The fact is, in the world beyond school, almost none of us work in isolation or are judged purely by the work we perform alone. Even the neurosurgeon possessing rarified skills has to work as part of a surgical team, and can undermine her effectiveness if she can’t work well as part of that team. In virtually every workplace, there are critical issues of communication, leadership, follower-ship, and the ability to assess the wisdom and importance of what other people say, issues that can make or break an organization. Lord knows, I’ve worked in plenty of organizations where managers have been expected to know what group leadership means, without ever having been given training in those skills. Follower-ship can just as important...and can receive just as little training. And in today’s workplace, with flattened hierarchical structures and distributed leadership, the lines between leader and led can be blurred and confusing; everyone is expected to participate in leading; everyone must spend some time pitching in and being led. But who is teaching us how to make it work?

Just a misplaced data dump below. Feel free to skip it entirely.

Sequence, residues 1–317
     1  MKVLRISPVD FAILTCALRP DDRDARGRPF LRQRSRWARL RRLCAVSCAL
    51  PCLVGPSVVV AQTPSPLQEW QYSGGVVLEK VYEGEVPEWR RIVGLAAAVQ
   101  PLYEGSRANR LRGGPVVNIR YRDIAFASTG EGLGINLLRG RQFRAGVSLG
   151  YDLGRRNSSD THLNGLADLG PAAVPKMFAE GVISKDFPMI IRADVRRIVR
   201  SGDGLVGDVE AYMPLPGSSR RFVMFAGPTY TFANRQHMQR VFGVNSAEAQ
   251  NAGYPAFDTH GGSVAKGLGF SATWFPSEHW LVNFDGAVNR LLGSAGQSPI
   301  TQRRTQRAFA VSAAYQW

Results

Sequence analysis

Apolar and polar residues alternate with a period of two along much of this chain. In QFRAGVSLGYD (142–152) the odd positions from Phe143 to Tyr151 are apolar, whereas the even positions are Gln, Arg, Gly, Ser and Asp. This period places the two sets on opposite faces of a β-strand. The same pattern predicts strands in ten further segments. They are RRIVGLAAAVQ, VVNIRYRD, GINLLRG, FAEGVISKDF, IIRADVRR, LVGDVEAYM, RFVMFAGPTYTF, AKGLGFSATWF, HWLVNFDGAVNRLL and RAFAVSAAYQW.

Athletic coaches know how to bring individuals together into a team. The military knows how important unit cohesion and unified action can be. But in academics, it’s still every child for himself. When we place students in pairs or groups, do we know why we are doing it?  Is it just a way to vary our daily routine, or does collaboration really matter? If it does matter, in what ways does it matter? We have learning goals tied to the content of what we ask students to work on, but perhaps we should have objectives aligned to the way in which we ask students to work, as well. What collaboration skills are we trying to teach with a particular activity? What’s the best way to teach those skills? Do we have a picture in our heads of what “good” looks like—what it entails—at different grade levels?

Monitoring Progress and Embracing Learning

When we talk about “owning your own learning,” we have in mind a picture of active learning, intrinsic motivation, personal goal-setting…in short, a picture of someone becoming an independent, life-long learner. But it can be difficult to figure out how to make that picture become reality.